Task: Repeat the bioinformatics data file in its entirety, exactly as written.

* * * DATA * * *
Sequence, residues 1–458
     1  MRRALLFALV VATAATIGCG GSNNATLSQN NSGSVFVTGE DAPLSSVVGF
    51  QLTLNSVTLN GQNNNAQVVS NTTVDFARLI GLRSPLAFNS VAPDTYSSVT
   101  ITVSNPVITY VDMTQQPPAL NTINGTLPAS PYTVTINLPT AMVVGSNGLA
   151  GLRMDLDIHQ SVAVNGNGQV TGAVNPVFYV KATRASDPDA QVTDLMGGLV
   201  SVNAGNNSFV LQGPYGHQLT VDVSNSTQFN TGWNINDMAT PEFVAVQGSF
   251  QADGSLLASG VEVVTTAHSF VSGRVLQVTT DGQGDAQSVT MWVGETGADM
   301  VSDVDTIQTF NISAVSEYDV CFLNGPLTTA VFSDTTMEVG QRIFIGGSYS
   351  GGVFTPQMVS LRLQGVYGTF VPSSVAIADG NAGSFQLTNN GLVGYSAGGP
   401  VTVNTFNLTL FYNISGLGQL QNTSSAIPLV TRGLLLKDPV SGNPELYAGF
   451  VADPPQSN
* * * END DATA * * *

Sequence, residues 1–458
     1  MRRALLFALV VATAATIGCG GSNNATLSQN NSGSVFVTGE DAPLSSVVGF
    51  QLTLNSVTLN GQNNNAQVVS NTTVDFARLI GLRSPLAFNS VAPDTYSSVT
   101  ITVSNPVITY VDMTQQPPAL NTINGTLPAS PYTVTINLPT AMVVGSNGLA
   151  GLRMDLDIHQ SVAVNGNGQV TGAVNPVFYV KATRASDPDA QVTDLMGGLV
   201  SVNAGNNSFV LQGPYGHQLT VDVSNSTQFN TGWNINDMAT PEFVAVQGSF
   251  QADGSLLASG VEVVTTAHSF VSGRVLQVTT DGQGDAQSVT MWVGETGADM
   301  VSDVDTIQTF NISAVSEYDV CFLNGPLTTA VFSDTTMEVG QRIFIGGSYS
   351  GGVFTPQMVS LRLQGVYGTF VPSSVAIADG NAGSFQLTNN GLVGYSAGGP
   401  VTVNTFNLTL FYNISGLGQL QNTSSAIPLV TRGLLLKDPV SGNPELYAGF
   451  VADPPQSN